Comment from Jessica
Time September 2, 2010 at 2:05 pm

Thats a shame it didnt work fully for you. Ive only read one Shreve novel which was ‘All he ever wanted’ and it didnt make me want to rush out and read another one I have to say.

Comment from oldenglishrose
Time September 3, 2010 at 9:15 am

It seems to have been given very good reviews in lots of places online, so perhaps I missed something. Nonetheless, it’s good to hear I’m not the only one less than enamoured of this author.

Comment from Reader
Time November 8, 2011 at 10:24 am

I’ve to respectively disagree to your comment. Never the less all opinions and beliefs are valid, but I believe you didn’t give the book a fair go. If you over analyse a book’s content, you will never really let yourself enjoy the story. From this brilliant novel you learn that the connection between two people in love and there incredible bond, will conquer all. When you love someone a piece of your heart will always belong with them. This extraordinary message put’s faith and hope back into the hearts of those who have been mixed up in the distorted idea, that love is dead. The ending is not “truly dire…abrupt, unskilled and once again going for shock value over narrative development”, it was cleverly written so the ending would not have been predictable. After reading the novel, I believe the dramatic twist at the end, was brilliant. As the novel starts with the emotions of Thomas and Linda finally being together, the reader assumes a happy ending… As you become further immersed into the novel, it reveals the fine details, which allow the reader to be aware of the events of the past. This then leads the reader to the incredible twist at the end, which sends the mind into shock. The twist couldn’t have been foreseen, which is a quality in many novels that is rare. The descriptive language used to describe scenes, allow the reader to have a full understanding of what is happening. The tragedies of the characters lives and the setting of the novel being in a modernised world; lets the reader to connect and relate to the plot. Thomas and Linda’s relation at a young age is similar to that of Romeo and Juliet’s fairy tale; as the two characters are from separate worlds. Their relationship has a very slim chance of actually developing and lasting because of this difference, but their strong love remains. A quote from the novel, which I will never forget; (I had to edit the quote, to ensure I didn’t spoil the incredible ending) “…he has known the unforgiving light of the equator, a love…and the enduring struggle to capture in words the infinite possibilities of a life…” Although this book isn’t for everyone I believe that readers should give this book the opportunity it deserves.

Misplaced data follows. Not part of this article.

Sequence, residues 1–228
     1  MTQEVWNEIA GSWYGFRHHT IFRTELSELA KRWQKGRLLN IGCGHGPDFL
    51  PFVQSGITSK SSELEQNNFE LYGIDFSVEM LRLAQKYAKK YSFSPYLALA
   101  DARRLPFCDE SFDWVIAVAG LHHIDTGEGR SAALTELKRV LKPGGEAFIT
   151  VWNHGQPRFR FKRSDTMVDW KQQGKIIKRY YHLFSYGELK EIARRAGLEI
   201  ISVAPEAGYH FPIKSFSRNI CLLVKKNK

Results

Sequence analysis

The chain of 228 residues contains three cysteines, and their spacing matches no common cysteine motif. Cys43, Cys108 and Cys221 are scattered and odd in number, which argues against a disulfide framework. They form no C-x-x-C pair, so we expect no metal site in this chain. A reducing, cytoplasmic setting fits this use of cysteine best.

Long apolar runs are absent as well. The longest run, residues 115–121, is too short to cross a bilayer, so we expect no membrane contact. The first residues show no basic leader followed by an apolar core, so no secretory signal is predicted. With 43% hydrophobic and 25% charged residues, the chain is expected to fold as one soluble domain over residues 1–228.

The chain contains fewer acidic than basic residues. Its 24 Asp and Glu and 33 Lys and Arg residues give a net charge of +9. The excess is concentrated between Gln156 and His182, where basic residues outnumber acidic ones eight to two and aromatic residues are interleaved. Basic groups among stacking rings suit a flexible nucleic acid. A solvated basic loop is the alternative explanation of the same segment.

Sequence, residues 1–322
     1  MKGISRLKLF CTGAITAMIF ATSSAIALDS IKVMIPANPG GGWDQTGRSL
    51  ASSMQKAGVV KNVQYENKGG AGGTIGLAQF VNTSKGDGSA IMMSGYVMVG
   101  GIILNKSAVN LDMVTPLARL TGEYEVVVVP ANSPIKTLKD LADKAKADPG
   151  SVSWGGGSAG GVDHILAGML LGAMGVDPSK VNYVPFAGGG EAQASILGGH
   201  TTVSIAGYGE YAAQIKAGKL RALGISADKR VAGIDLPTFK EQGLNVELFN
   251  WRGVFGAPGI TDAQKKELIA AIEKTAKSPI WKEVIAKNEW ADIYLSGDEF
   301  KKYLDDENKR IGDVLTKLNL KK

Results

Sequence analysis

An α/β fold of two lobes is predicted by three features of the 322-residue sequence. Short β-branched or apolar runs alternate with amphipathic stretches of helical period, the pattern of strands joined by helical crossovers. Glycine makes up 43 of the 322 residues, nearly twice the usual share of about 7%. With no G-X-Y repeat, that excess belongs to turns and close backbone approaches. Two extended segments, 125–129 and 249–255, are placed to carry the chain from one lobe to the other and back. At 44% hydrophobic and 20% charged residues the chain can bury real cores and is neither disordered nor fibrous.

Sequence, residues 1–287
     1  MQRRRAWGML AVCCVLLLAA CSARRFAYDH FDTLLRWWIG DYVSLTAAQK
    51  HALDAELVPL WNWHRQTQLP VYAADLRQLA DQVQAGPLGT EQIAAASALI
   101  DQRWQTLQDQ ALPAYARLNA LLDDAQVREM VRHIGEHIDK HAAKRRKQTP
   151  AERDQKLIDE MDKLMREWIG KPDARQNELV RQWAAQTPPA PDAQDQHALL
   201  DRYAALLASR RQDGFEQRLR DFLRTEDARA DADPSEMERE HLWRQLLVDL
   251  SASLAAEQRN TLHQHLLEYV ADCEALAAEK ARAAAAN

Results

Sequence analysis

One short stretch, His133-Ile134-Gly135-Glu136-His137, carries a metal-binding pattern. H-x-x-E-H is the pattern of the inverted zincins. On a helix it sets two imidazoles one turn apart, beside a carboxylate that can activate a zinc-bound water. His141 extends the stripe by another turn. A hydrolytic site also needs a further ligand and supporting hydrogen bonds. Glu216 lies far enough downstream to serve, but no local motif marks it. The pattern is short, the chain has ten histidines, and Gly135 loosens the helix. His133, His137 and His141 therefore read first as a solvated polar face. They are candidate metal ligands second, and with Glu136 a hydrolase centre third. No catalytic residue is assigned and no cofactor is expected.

Comment from oldenglishrose
Time November 14, 2011 at 4:16 pm

I’m glad that you enjoyed this book far more than I did. I know Shreve is a popular writer, so it stands to reason that there must be many people out there who share your view. What a good thing there’s such a variety of books out there that everyone can find something that chimes with them.